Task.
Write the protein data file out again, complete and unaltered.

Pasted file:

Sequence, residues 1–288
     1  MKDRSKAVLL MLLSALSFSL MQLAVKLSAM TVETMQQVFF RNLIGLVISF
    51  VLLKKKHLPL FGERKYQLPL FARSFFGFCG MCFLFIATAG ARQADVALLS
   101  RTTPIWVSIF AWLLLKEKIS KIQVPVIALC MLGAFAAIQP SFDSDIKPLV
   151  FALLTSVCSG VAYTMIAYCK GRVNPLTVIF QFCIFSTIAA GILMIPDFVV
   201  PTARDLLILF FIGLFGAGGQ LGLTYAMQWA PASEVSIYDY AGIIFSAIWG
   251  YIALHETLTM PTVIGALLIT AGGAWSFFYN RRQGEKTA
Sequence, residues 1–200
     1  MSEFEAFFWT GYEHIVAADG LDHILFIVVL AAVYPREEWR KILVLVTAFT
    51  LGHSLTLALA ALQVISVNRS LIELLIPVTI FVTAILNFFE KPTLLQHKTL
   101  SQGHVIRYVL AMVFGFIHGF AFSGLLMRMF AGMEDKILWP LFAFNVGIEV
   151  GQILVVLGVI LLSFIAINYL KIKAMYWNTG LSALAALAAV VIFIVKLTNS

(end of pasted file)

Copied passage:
Sequence, residues 1–288
     1  MKDRSKAVLL MLLSALSFSL MQLAVKLSAM TVETMQQVFF RNLIGLVISF
    51  VLLKKKHLPL FGERKYQLPL FARSFFGFCG MCFLFIATAG ARQADVALLS
   101  RTTPIWVSIF AWLLLKEKIS KIQVPVIALC MLGAFAAIQP SFDSDIKPLV
   151  FALLTSVCSG VAYTMIAYCK GRVNPLTVIF QFCIFSTIAA GILMIPDFVV
   201  PTARDLLILF FIGLFGAGGQ LGLTYAMQWA PASEVSIYDY AGIIFSAIWG
   251  YIALHETLTM PTVIGALLIT AGGAWSFFYN RRQGEKTA
Sequence, residues 1–200
     1  MSEFEAFFWT GYEHIVAADG LDHILFIVVL AAVYPREEWR KILVLVTAFT
    51  LGHSLTLALA ALQVISVNRS LIELLIPVTI FVTAILNFFE KPTLLQHKTL
   101  SQGHVIRYVL AMVFGFIHGF AFSGLLMRMF AGMEDKILWP LFAFNVGIEV
   151  GQILVVLGVI LLSFIAINYL KIKAMYWNTG LSALAALAAV VIFIVKLTNS